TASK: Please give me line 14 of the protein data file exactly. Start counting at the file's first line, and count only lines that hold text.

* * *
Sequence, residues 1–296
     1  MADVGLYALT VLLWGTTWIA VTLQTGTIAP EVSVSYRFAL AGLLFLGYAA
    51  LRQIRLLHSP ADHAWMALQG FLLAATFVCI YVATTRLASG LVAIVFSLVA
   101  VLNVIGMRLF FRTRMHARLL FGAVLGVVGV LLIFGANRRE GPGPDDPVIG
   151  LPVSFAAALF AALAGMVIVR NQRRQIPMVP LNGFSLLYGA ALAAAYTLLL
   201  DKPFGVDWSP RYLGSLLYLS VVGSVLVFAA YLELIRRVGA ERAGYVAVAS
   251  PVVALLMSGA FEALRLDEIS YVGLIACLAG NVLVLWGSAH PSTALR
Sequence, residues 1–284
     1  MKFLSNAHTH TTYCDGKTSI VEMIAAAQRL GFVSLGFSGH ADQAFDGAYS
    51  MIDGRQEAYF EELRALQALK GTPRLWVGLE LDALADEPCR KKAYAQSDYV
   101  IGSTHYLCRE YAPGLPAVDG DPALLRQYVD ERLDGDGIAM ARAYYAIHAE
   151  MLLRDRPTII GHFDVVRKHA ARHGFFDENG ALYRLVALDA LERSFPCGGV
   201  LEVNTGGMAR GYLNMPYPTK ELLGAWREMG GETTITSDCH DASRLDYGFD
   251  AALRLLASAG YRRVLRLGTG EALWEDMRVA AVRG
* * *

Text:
   251  AALRLLASAG YRRVLRLGTG EALWEDMRVA AVRG